Those express statutory mandates strongly support EPA's determination that consideration of the relationship between costs and benefits is permissible under Section 316(b). In particular, those provisions refute Riverkeeper's notion (at 21) that a comparison between costs and benefits is generally inconsistent with the application of a best-tech nology standard. And Congress's decision to specify the factors that EPA must consider under the various best- technology standards that govern the discharge of pollut ants under Sections 301 and 306, but not under the differ ent best-technology standard that governs the intake of water under Section 316(b), confirms that Congress in tended to grant broad gap-filling authority to the agency to interpret and implement Section 316(b)'s terse and unique provision governing water intake. Gov't Br. 18-26.

Respondents fail to articulate a coherent and consistent theory as to the relevance of the cross-referenced sections to the proper interpretation of Section 316(b). They insist that, "[b]ecause section 316(b) addresses intake structures, not effluent [discharges], it stands apart from the statutory provisions elsewhere in the Act that govern effluent limita tions." States Br. 5; see id. at 32; Riverkeeper Br. 37 n.19; id. at 40 (suggesting that the Section 301 standards are "unrelated" to Section 316(b)). But they nonetheless argue at length (e.g., States Br. 34-36) that, by expressly requir ing consideration of the relationship between costs and benefits under two of the cross-referenced standards, Con gress unambiguously prohibited such consideration under Section 316(b).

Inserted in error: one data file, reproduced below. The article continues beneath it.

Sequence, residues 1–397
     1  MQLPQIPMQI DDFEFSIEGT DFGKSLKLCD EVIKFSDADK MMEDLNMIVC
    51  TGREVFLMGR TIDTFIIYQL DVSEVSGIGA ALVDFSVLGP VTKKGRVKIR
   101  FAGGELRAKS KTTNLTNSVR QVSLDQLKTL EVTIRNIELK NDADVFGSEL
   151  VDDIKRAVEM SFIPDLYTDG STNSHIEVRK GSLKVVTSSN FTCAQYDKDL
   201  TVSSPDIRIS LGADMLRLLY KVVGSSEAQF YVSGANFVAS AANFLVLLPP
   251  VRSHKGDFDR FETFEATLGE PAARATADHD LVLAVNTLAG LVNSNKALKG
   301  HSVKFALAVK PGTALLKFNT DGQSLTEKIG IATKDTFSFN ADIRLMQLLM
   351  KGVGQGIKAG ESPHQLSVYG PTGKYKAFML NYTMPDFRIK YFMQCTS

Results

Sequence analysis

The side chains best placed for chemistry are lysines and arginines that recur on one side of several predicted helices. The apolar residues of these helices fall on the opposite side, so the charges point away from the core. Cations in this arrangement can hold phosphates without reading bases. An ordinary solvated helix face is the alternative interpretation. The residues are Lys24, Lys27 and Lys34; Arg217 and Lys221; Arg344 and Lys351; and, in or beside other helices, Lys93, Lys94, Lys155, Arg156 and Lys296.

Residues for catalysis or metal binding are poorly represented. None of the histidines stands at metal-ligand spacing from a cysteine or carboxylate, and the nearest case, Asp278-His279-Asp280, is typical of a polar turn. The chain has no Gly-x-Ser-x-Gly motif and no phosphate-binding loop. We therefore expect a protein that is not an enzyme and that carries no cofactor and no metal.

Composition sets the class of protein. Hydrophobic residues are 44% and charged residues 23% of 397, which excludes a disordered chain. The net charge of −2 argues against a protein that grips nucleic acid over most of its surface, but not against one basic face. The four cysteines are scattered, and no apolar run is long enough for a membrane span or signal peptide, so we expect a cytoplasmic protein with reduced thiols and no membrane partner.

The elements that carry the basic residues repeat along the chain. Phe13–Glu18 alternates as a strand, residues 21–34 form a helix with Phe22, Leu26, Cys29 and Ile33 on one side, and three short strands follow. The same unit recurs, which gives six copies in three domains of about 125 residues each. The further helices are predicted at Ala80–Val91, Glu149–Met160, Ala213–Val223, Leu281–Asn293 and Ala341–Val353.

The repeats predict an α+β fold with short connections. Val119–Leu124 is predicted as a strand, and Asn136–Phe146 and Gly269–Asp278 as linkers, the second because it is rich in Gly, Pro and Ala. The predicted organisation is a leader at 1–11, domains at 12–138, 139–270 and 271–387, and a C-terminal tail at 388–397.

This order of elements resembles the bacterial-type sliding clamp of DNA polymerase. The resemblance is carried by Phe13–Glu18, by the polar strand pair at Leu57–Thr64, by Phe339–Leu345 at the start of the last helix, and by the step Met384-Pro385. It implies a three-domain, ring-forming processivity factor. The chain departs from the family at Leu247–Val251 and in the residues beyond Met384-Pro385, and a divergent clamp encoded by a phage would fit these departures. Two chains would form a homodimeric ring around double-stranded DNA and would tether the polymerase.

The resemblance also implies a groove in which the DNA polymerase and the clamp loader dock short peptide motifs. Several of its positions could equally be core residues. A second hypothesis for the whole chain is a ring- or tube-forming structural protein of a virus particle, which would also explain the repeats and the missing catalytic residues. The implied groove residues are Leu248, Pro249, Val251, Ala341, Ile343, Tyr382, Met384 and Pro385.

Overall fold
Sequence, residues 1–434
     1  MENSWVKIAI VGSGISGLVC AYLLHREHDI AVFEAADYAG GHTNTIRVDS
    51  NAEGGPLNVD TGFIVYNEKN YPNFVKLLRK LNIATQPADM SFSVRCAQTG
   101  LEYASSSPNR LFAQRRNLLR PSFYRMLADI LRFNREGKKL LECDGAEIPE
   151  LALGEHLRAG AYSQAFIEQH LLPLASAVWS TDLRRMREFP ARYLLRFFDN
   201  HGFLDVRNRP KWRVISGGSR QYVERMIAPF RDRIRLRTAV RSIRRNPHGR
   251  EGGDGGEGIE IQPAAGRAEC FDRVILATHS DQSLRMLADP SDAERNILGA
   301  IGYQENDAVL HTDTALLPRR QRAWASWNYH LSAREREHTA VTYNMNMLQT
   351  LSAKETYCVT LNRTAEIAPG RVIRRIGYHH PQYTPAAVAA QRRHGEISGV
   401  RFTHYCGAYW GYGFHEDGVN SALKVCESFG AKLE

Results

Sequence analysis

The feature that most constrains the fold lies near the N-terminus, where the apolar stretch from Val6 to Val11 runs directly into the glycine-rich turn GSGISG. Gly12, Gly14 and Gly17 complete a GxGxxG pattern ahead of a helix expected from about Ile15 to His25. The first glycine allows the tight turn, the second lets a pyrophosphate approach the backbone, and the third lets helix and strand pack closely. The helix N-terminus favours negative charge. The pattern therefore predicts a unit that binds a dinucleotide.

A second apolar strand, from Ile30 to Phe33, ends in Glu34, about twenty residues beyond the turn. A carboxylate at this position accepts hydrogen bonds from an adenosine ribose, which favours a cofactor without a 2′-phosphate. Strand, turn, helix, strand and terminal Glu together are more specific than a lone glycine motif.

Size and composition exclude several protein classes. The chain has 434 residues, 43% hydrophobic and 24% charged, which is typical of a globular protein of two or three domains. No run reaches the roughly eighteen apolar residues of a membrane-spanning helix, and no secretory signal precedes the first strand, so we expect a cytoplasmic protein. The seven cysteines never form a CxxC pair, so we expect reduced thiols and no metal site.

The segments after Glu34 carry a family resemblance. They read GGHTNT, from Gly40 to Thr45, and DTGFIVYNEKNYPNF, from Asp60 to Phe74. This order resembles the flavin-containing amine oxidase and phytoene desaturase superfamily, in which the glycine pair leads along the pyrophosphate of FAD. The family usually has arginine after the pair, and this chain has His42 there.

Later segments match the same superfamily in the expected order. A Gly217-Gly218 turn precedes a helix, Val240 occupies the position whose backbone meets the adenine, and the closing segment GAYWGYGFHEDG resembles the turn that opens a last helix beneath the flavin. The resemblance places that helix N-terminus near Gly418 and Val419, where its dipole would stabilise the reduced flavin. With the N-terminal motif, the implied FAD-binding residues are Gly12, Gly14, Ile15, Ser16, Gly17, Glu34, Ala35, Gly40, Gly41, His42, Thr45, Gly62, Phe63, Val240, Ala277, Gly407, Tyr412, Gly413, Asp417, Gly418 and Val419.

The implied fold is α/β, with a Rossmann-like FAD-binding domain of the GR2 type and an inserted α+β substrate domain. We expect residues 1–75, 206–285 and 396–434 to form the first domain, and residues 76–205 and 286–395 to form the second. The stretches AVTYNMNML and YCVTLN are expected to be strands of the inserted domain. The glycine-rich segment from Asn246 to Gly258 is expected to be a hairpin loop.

Neither of those conclusions logically follows from a comparison between Section 316(b) and the cross-refer enced provisions of the Act. Each of the cross-referenced best-technology standards in Sections 301 and 306 identi fies specific lists of factors that EPA must consider. And as noted, those lists expressly require cost-benefit analysis as one of multiple mandated considerations for some but not all of those standards. See 33 U.S.C. 1314(b)(1)(B), (2)(B) and (4)(B); see also Gov't Br. 19-21.